History of Logging in Vermont


The Beginning

Logging started in Vermont in 1794 with the first shipment of oak to Quebec by Stephen Mallet.  

Before railroads, logs were sent over Lake Champlain, rivers, and other waterways.  They were gathered over the winter by the waterways and bound together in large rafts.  The logs flowed north on Lake Champlain until 1823 when the Champlain Canal connected Lake Champlain with the Hudson River.  When Jefferson created the Embargo of 1807, it slowed trade with Canada and had a major effect on the logging industry.  The loggers found that by smuggling the logs north to Canada was both profitable and safe to do.  A shipment of White Pine and Oak logs could fetch $600,000 in 1810, at the height of the Embargo.  Burlington became the third largest lumber port in the nation because of the logs traveling Lake Champlain.  The success in the logging industry eliminated all the good lumber trees from the Champlain Valley by 1840.  This caused inhabitants of Vermont to import wood from outside territories.

In the beginning settlers took to the woods with axes held high, clearing places for their fields and pastures. They cleared away the trees to get the at the soil below.  The most of the first mills serviced local people and very few did commercial work.  Logging was the first non-agricultural industry in Vermont.  At first, few people realized the money that logging could make.  


Post Civil War Logging

Post Civil War logging was the most profitable and largest industry in Vermont.  George Perkins Marsh predicted that the more sophisticated technology became, the easier it would become to destroy nature.  He pleaded to the logging industry to halt, or at least slow down, the amount of trees that the loggers were clear cutting.  Clear cutting was doubled in effort because of increased railroad tracks through the woods and the demand for wood by the wood consuming industries.  Farmers could bring a cord of wood to the train depots and sell them to the railway men for 2.50-5 dollars.

Before 1880 most wood factories in Vermont were producing "treen" or boxes, cartons, etc.  After 1880 paper companies moved into Vermont and started taking the trees at an unchecked rate.  Loggers were finding that it was easier to send finished lumber by rail versus "raw" trees by waterways.  During the 1860's, Burlington became the fourth largest lumber port in the nation.  This is supported by the amount of board feet cut: 20 million in 1856 and 375 million in 1889.  In the 1870's most of the raw stock for Burlington came from Canada due to the depleted forests in Vermont.  Comparing then to now, in 1880 Chittenden County was 80% deforested versus 16.8% in 1980.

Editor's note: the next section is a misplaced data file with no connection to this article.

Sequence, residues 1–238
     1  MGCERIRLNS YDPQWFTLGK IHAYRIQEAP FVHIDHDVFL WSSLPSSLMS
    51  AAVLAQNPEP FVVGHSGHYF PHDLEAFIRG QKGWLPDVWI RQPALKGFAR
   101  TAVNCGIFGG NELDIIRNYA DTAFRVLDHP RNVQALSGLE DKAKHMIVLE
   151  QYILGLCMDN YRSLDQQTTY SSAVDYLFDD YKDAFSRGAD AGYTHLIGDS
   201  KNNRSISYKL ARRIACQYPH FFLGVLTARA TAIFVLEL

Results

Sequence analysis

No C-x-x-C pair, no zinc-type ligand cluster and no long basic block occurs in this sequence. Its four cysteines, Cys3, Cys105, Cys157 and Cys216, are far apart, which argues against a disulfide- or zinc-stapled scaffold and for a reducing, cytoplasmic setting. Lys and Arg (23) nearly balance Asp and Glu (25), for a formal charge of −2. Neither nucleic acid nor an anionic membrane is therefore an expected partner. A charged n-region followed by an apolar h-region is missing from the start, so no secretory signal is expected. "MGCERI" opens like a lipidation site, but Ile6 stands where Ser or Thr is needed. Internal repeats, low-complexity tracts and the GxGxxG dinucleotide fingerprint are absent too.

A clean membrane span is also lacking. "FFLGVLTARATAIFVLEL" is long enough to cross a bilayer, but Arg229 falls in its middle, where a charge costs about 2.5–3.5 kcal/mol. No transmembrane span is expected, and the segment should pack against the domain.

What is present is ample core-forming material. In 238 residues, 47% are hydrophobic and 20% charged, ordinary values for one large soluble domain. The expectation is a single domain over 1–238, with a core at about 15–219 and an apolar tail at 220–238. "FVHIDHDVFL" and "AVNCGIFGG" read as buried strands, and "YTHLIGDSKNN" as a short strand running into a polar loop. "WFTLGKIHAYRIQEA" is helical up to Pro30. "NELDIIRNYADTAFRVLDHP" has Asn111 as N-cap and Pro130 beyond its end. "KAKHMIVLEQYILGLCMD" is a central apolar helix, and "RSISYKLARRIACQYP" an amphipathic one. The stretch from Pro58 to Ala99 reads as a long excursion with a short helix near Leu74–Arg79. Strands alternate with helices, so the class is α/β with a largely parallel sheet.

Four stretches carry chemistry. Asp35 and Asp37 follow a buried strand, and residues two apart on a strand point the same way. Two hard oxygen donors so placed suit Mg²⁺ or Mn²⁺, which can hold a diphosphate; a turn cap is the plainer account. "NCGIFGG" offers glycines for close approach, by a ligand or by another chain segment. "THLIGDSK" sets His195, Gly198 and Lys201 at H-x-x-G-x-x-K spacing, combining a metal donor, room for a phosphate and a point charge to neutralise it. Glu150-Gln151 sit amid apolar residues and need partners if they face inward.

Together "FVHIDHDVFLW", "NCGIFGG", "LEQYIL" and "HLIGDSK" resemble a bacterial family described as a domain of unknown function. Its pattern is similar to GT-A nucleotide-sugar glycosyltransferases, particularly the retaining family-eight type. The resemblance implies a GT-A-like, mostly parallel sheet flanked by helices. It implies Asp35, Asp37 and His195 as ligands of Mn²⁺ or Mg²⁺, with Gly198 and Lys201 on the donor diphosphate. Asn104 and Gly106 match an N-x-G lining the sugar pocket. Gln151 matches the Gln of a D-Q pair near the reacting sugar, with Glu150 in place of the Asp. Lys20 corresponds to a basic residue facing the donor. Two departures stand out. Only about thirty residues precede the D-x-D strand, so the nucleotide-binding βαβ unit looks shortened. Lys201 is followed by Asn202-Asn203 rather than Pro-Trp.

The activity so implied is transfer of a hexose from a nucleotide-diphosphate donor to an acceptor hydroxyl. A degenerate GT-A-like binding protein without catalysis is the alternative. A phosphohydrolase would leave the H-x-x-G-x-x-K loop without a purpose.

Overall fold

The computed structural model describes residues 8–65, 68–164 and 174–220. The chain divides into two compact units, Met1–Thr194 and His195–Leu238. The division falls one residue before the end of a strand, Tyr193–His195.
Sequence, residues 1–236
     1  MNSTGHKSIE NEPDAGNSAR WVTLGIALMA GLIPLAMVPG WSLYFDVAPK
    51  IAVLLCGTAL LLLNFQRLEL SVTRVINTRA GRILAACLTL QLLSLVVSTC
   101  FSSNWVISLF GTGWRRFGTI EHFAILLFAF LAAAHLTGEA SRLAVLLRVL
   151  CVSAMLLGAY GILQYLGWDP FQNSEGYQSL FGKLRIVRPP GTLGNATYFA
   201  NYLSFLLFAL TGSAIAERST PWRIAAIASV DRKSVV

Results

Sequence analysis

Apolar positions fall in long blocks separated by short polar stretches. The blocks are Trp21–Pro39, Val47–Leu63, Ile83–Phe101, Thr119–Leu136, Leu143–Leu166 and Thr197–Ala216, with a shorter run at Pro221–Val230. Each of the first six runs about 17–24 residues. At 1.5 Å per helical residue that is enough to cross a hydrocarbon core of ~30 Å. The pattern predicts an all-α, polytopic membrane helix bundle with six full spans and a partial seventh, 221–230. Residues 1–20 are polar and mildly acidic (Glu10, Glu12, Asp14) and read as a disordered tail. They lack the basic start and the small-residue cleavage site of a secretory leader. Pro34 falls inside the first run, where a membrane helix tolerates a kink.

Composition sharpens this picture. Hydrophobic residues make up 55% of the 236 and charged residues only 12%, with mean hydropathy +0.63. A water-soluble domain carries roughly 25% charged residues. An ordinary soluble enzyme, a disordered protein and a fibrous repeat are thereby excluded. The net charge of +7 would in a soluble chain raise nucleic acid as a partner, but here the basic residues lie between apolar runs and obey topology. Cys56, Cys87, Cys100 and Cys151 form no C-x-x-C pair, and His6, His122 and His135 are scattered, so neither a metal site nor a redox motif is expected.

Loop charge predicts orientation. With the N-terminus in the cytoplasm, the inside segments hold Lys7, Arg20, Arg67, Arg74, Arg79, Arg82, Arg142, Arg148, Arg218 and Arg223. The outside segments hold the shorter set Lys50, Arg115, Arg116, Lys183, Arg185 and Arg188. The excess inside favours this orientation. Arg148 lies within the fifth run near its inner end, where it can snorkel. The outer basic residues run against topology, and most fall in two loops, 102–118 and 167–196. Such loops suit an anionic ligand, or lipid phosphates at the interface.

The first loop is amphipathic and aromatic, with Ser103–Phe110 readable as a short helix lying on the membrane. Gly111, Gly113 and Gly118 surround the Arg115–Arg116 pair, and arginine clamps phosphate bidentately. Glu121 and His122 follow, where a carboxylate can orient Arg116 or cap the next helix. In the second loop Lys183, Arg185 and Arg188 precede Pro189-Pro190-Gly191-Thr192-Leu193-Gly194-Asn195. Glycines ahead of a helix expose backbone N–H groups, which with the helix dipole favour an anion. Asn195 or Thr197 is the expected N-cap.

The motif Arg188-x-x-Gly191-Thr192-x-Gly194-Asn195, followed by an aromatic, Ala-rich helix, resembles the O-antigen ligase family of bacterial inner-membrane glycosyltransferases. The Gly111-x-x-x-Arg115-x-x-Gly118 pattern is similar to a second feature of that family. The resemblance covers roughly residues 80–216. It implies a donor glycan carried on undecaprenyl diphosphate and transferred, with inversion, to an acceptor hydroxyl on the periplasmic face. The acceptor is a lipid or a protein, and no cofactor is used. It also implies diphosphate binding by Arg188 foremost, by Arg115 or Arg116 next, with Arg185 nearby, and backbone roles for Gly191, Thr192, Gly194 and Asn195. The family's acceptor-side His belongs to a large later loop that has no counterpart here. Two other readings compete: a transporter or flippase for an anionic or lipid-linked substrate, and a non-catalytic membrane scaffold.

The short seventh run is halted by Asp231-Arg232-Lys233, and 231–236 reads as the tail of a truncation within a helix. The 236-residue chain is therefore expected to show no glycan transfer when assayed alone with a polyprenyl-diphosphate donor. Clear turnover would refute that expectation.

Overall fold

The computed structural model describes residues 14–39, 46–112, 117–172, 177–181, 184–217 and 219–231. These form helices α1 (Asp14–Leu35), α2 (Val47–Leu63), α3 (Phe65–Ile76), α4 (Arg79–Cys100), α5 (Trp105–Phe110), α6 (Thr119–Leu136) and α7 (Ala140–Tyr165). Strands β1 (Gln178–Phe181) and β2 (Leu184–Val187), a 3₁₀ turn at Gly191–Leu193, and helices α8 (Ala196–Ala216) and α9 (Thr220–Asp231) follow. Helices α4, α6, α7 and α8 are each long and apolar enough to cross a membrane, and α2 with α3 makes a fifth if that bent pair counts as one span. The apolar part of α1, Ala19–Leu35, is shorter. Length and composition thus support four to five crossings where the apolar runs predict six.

A New Forest

Vermont looks more as it did before the settlers came, than it has in the past 200 years.  The first big cut of trees was taken in 1850 and the trees did not come back until after 1880.  After that, it was another 40 years until at least 50% of the forests would take Vermont back.  Staring in the 1920's, towns moved to reforest Vermont.  In 1927 alone, 17 towns planted 267,000 trees.  In the town of Sheffield in 1926, 126 men planted 25,000 trees in one day.  By 1921, Vermont no longer was a leader in the export of lumber.  At the end of World War II, the trees were back but the diversity in the species and the majesty of the gentle giants would no longer come back.

The Science of Forestry

The beginning of the twentieth century saw the creation of the science of forestry.  Gifford Pinchot, the first director of the U.S. Forest Service said, “[The] trees could be cut and the forest preserved at on and the same time.”  That idea soon crept up to Vermont and implemented by Perry Merrill, the state forester.  Merrill devoted his life to turning Vermont into a “working” forest.  This meaning that the loggers and other people who depended on removing the trees could still do so, and yet seem not to make any impact on the look and activities of the forest.